PostScript Language

Ghostscript’s capabilities in relation to PostScript

The Ghostscript interpreter, except as noted below, is intended to execute properly any source program written in the (LanguageLevel 3) PostScript language as defined in the PostScript Language Reference, Third Edition (ISBN 0-201-37922-8) published by Addison-Wesley in mid-1999. However, the interpreter is configurable in ways that can restrict it to various subsets of this language. Specifically, the base interpreter accepts the Level 1 subset of the PostScript language, as defined in the first edition of the PostScript Language Reference Manual (ISBN 0-201-10174-2) Addison-Wesley 1985, plus the file system, version 25.0 language, and miscellaneous additions listed in sections A.1.6, A.1.7, and A.1.8 of the Second Edition respectively, including allowing a string operand for the “status” operator. The base interpreter may be configured (see the documentation on building Ghostscript for how to configure it) by adding any combination of the following:

  • The ability to process PostScript Type 1 fonts. This facility is normally included in the interpreter.

  • The CMYK color extensions listed in section A.1.4 of the Second Edition (including colorimage). These facilities are available only if the color, dps, or level2 feature was selected when Ghostscript was built.

  • The Display PostScript extensions listed in section A.1.3 of the Second Edition, but excluding the operators listed in section A.1.2. These facilities are available only if the dps feature or the level2 feature was selected when Ghostscript was built.

  • The composite font extensions listed in section A.1.5 of the Second Edition, and the ability to handle Type 0 fonts. These facilities are available only if the compfont feature or the level2 feature was selected when Ghostscript was built.

  • The ability to load TrueType fonts and to handle PostScript Type 42 (encapsulated TrueType) fonts. These facilities are available only if the ttfont feature was selected when Ghostscript was built.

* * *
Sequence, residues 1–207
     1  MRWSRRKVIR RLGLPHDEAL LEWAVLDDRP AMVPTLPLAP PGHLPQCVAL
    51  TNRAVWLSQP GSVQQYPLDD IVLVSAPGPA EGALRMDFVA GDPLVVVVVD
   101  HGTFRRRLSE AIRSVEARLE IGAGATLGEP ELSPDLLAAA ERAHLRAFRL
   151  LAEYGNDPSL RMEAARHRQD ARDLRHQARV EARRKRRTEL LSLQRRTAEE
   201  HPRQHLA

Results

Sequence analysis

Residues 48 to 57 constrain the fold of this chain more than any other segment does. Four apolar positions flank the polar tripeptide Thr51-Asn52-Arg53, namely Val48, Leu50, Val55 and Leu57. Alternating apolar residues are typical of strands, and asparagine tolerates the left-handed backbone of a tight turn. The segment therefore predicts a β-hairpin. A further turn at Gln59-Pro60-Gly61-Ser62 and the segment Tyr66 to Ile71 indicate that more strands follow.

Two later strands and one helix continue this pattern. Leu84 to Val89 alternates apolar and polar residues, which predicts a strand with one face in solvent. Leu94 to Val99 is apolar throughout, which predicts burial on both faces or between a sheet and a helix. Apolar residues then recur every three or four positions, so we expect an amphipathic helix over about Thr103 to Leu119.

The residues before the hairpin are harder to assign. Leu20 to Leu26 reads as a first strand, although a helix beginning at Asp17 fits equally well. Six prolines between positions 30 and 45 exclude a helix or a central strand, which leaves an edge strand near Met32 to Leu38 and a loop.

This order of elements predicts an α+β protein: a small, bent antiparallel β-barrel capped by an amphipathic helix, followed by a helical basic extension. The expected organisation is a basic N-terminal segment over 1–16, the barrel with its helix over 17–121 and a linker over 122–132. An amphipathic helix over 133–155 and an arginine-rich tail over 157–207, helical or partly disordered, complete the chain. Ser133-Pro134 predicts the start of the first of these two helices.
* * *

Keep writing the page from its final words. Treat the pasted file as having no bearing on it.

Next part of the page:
• The PostScript Level 2 “filter” facilities except the DCTEncode and DCTDecode filters. These facilities are available only if the filter, dps, or level2 feature was selected when Ghostscript was built.

  • The PostScript Level 2 DCTEncode and DCTDecode filters. These facilities are available only if the dct or level2 feature was selected when Ghostscript was built.

  • All the other PostScript Level 2 operators and facilities listed in section A.1.1 of the Second Edition and not listed in any of the other A.1.n sections. These facilities are available only if the level2 feature was selected when Ghostscript was built.

  • All PostScript LanguageLevel 3 operators and facilities listed in the Third Edition, except as noted below. These facilities are available only if the psl3 feature was selected when Ghostscript was built.

  • The ability to recognize DOS EPSF files and process only the PostScript part, ignoring bitmap previews or other information. This facility is available only if the epsf feature was selected when Ghostscript was built.

Ghostscript currently does not implement the following PostScript LanguageLevel 3 facilities:

  • Settable ProcessColorModel for page devices, except for a very few special devices.

  • IODevices other than %stdin, %stdout, %stderr, %lineedit, %statementedit, %os%, and (if configured) %pipe% and %disk0% through %disk0%.

Ghostscript can also interpret files in the Portable Document Format (PDF) 1.7 format defined in the PDF Reference Version 1.7, distributed by Adobe Systems Incorporated, except as noted below. This facility can be disabled by deselecting the pdf feature when Ghostscript is built.

Ghostscript currently implements the majority of non-interactive features defined in the PDF reference.

Ghostscript also includes a number of additional operators defined below that are not in the PostScript language defined by Adobe.

Implementation limits